More recently, researchers have begun to use machine learning to create discriminative classifiers that can solve this task by learning to classify measurement statistics coming from a particular phase of a physical system, such as Such models classify an image as either a cat or a dog.

MIT researchers demonstrated how generative models can be used to solve this classification task more efficiently and in a physics-informed manner.

The Julia programming language, a popular language for scientific computing that is also used in MIT's introductory linear algebra classes, offers many tools that make it invaluable for building such creative models, Shaffer added.

Generative models, such as those underlying ChatGPT and Dall-E, typically work by estimating the probability distribution of some data, which they use to generate new data points that fit the distribution. are (such as new cat images that are similar to existing cat images).

However, when simulations of a physical system using tried-and-true scientific techniques are available, researchers get to sample its probability distribution for free. This distribution describes the measurement statistics of physical systems.

A more knowledgeable model

The MIT team's insight is that this probability distribution also defines a generative model on which classification can be made. They plug generative models into standard statistical formulas to make classifications directly rather than learning from samples, as was done with discriminant approaches.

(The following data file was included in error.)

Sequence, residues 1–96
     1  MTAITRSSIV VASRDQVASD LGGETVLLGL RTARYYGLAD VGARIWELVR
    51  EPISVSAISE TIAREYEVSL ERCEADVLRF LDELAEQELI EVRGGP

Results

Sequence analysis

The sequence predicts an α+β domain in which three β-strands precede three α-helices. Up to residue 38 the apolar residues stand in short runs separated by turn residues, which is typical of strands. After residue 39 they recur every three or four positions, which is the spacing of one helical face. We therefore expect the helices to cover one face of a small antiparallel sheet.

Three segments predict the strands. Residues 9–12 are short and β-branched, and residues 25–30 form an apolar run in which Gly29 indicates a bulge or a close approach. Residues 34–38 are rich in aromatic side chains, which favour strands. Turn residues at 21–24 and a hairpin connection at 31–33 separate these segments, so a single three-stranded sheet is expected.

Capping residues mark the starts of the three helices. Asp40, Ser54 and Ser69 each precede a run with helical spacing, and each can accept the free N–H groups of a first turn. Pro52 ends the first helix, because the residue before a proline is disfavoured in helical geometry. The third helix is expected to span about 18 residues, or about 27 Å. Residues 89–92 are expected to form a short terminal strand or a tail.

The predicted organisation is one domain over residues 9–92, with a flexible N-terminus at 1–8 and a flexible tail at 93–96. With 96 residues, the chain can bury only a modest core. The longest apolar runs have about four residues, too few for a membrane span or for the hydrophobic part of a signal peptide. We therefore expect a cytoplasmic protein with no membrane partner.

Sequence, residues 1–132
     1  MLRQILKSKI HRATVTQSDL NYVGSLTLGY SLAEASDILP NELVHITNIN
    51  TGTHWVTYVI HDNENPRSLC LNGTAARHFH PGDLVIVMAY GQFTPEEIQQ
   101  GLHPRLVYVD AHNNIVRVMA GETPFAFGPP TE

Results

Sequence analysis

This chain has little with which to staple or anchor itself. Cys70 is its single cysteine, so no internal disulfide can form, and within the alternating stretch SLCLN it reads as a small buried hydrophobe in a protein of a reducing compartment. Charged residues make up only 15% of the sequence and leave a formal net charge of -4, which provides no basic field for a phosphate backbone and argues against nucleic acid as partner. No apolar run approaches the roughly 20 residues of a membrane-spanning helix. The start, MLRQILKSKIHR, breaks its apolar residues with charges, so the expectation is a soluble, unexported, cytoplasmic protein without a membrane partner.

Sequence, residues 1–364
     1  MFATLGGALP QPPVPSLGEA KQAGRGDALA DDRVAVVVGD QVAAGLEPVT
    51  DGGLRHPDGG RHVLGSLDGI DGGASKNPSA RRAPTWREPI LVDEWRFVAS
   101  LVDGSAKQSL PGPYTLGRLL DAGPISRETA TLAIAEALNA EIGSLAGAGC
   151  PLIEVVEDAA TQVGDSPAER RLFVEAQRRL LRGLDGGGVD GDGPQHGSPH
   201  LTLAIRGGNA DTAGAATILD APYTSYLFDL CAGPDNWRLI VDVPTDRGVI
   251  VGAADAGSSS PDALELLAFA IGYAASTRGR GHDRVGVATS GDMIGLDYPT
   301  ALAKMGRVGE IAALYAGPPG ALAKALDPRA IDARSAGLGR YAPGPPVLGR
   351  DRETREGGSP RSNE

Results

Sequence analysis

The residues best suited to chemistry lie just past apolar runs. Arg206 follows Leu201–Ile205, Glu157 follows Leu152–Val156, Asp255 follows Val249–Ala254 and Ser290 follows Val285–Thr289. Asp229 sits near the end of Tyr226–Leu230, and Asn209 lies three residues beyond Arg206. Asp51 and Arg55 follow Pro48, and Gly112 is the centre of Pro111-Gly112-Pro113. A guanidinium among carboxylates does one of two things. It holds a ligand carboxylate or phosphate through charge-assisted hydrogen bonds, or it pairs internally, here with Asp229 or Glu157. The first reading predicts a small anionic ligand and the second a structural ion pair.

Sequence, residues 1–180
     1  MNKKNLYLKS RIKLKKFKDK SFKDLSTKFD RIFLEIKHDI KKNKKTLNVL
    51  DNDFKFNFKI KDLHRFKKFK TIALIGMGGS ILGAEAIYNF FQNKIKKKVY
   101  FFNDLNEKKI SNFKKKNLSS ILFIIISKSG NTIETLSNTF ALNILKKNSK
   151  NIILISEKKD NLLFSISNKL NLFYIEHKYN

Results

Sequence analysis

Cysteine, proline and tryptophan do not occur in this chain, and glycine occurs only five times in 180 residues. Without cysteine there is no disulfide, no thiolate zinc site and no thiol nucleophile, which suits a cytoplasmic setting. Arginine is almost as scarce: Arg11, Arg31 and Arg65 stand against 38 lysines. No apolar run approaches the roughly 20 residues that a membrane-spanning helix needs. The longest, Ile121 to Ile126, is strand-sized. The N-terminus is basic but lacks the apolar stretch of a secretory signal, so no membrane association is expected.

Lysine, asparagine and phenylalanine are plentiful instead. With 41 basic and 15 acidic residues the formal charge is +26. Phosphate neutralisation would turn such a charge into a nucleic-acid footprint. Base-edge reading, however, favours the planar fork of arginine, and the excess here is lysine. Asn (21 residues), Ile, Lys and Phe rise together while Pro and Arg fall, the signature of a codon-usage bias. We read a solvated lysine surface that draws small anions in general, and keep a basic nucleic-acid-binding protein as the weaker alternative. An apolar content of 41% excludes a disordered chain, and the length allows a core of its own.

“It's a really good way to incorporate what you know about your physical system into your machine learning scheme. It goes far beyond performing feature engineering on your data samples or simple attractive biases, ” says Schäfer.

This generative classification can determine which phase a system is in given some parameter such as temperature or pressure. And since researchers directly estimate the probability distribution of the underlying measurements from the physical system, the classifier has knowledge of the system.

This enables their method to outperform other machine learning techniques. And because it can operate automatically without the need for extensive training, their approach significantly increases the computational efficiency of phase transition identification.

At the end of the day, just as one might ask ChatGPT to solve a math problem, researchers can ask the generative classifier questions like “Is this sample from Phase I or Phase II?” or “Was this sample prepared at a high temperature or a low temperature?”

Scientists can also use this approach to solve various binary classification tasks in physical systems, possibly to detect entanglement in quantum systems (is the state entangled or not?) or it can determine whether theory A or B is best suited to solving a particular problem. They can also use this approach to better understand and improve large language models like ChatGPT by identifying how certain parameters should be tuned so that the chatbot gives the best results.

In the future, the researchers also want to study theoretical guarantees regarding how many measurements they would need to effectively detect phase transitions and estimate the amount of computation that would be required.

This work was funded by the Swiss National Science Foundation, the MIT-Switzerland Lockheed Martin Seed Fund, and the MIT International Science and Technology Initiatives.